Last night in a mini-Torah study, we discussed the story of the binding of Isaac. As you may recall, God tells Abraham to sacrifice his son Isaac. At the very last minute, when the knife is in the air, God sends an Angel to tell Abraham that he passed the test, and he doesn’t need to actually harm the boy. We argued whether despite appearances, Abraham was being a good parent by following God’s commands.
Chapter 10: The People First Life Part 10
Which is more important to you, getting promoted or living a good life? In the last post, I wrote that Marissa Mayer’s top three priorities are God, family, and Yahoo. My top priorities are health, family, and my book.
I won’t pretend that it isn’t hard for me to keep the book from creeping ahead of the other two. One thing that helps me remember my priorities is the story of Jacob’s Ladder from the Bible, which ultimately is about values and priorities.
Jacob, (grandson of Abraham,) dreams of a ladder connecting heaven and earth. He sees angels going up and down the ladder, hears the voice of God, and awakens to say “surely the Lord is in this place.”[i] I interpret this story to mean that God is not just up in heaven but resides down on earth as well. As I argued in Chapter 2, in Judaism God’s teachings can be summarized by the Golden Rule, which itself is a universal value that transcends religion or the belief in God. The Jewish version of the GR reads “That which is hateful to you, do not do to another.”
Jacob’s Ladder is the story of a man who changes his priorities to put other people ahead of his own needs. When he went to sleep, Jacob was a selfish young man, fleeing after stealing his older brother’s birthright. After the dream, he quite literally fathers the Hebrew nation.
So for me, life on Jacob’s Ladder means a life where people are the highest priority – in this world and at this time. Why wait for heaven to be happy? Life on Jacob’s Ladder will bring greater happiness today. For example, in Paula Davis-Laack’s article “10 Things Happy People Do Differently“, three of those things prioritize people and NONE suggest material gain as a strategy.
This doesn’t mean that that climbing the corporate ladder is a bad thing, only that people should be a higher priority if you want to be happy. And putting people first doesn’t mean that you won’t be successful. In fact, Jacob becomes very prosperous, with “large flocks, [servants,] and camels and donkeys.”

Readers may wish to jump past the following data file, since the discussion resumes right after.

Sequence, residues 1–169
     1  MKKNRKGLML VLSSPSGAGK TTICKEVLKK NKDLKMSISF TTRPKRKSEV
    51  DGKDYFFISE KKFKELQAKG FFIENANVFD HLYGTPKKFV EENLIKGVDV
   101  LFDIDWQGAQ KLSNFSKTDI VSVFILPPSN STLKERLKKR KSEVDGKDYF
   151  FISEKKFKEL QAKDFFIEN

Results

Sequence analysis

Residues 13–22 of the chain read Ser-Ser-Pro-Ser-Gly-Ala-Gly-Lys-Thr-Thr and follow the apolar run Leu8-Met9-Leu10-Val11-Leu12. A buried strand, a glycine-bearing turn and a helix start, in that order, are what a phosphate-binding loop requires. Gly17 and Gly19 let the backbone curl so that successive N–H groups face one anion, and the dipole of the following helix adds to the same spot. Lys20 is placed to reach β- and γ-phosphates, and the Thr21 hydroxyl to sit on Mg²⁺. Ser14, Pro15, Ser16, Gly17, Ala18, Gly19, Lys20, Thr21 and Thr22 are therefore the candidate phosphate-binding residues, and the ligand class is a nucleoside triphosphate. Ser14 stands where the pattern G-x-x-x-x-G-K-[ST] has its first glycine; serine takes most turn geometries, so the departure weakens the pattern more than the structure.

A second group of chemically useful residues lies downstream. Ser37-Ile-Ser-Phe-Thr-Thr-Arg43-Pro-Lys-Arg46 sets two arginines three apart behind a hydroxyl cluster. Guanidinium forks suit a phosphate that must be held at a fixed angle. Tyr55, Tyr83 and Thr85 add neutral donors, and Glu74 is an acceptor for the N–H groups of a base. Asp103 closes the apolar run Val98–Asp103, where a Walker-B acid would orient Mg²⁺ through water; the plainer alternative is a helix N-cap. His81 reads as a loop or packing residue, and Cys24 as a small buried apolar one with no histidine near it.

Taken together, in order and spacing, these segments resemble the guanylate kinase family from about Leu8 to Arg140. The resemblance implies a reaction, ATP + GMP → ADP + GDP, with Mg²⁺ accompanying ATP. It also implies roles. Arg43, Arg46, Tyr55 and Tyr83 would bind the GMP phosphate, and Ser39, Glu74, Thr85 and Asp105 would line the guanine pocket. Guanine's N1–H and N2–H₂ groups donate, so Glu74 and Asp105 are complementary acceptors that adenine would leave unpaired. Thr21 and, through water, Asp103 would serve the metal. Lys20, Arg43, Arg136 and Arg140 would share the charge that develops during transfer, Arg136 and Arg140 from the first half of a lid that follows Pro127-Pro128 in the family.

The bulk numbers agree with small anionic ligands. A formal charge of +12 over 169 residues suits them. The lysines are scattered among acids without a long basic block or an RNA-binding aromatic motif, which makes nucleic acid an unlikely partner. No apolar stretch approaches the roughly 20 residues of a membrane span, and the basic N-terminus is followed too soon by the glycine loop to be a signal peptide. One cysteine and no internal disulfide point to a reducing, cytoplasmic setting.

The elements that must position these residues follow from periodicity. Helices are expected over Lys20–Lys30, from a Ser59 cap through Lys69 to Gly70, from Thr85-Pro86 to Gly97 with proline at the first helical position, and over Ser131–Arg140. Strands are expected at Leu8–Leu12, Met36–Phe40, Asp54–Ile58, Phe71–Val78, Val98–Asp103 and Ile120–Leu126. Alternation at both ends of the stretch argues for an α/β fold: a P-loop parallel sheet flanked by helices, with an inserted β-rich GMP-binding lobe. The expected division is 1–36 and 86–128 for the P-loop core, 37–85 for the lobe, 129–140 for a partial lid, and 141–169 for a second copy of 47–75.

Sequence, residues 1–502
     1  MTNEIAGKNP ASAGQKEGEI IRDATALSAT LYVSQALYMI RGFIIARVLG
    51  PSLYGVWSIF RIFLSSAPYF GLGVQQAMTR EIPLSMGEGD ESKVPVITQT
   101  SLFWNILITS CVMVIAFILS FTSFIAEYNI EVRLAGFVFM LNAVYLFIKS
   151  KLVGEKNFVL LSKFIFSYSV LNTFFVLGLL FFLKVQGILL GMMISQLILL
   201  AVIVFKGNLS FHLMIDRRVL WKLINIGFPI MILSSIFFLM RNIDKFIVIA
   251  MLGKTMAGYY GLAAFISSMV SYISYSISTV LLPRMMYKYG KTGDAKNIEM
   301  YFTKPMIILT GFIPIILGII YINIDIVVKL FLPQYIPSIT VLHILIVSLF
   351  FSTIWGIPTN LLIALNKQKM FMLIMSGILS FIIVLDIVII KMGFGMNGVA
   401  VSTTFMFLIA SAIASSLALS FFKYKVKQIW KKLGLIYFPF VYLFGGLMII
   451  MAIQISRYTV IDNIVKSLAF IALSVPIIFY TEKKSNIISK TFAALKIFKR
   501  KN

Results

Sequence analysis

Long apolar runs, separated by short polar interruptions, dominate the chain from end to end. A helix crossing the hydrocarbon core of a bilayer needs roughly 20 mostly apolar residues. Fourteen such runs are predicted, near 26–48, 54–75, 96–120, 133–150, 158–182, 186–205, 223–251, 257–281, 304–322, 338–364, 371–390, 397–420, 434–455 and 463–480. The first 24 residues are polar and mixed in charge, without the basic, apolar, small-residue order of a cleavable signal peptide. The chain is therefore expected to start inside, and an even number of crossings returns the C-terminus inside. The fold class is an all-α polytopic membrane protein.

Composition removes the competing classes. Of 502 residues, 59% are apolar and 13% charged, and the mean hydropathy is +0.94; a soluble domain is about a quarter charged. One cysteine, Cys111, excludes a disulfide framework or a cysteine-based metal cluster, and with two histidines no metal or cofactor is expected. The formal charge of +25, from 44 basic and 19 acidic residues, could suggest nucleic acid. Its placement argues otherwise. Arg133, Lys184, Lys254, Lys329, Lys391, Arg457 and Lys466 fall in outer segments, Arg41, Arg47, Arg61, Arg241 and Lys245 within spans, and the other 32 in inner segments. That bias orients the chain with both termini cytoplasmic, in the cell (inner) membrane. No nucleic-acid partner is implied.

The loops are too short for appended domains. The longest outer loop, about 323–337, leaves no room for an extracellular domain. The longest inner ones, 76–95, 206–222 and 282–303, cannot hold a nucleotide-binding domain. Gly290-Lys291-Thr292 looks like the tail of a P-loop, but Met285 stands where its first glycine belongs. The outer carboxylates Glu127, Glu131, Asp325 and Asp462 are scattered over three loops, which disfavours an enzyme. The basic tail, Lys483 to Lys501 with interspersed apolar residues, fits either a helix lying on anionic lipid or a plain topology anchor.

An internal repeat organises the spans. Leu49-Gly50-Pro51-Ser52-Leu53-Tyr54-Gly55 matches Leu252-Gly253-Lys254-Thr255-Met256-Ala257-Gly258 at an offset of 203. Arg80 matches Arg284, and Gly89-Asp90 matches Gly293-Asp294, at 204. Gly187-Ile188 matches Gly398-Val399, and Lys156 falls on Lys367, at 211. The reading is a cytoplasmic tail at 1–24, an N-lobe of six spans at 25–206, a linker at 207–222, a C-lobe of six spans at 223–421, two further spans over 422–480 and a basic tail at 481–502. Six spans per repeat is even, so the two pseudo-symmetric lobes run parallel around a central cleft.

Father of a people, and a large flock? It didn’t get much better than that in the ancient world. And it started when Jacob put his priorities in order.
Have you ever had a dream that influenced your life?
Chapter 7: Secure Your Identity Part 16, conclusion
Any way you slice it, Abraham was an extraordinary man. He insulted the god/king to his face and wasn’t executed on the spot. Whether it was by divine intervention as the stories tell, or because he was too powerful to kill, Abraham had it going on.
How did Abraham overcome a culture that was thousands of years old to form a new way of thinking that today has over 4 billion followers? In the words of Popvox CEO Marci Harris “A dedicated team with shared vision can make amazing things happen, and still be standing long after others go home.” Abraham’s vision had a strong element of putting people first, and the laws of God that he taught applied equally to all men, whether a king or a begger. Abraham’s tent was open on four sides so anyone could come and talk with him, and he personally washed the feet of guests from the desert on the day he was circumcised at the age of 99.
While Abraham’s wealth, influence and followers increased over his lifetime, his story illustrates the weakness of the movement: it was hard. God was now an abstraction, unknowable and un-seeable. It was harder for people to believe in the abstract God than it was to follow the multiple gods of the surrounding cultures, gods that everyone could touch and feel.
Early Judaism depended on single leaders to foster a group identity. This did a great job of creating the religion, but it was hard to maintain in the long term. Within a few generations of his death, the Abraham’s people, the Israelites fell back into idolatry. This reminds me of descriptions in the book Good To Great of companies that achieved great results under a charismatic leader, but fell apart after the leader left.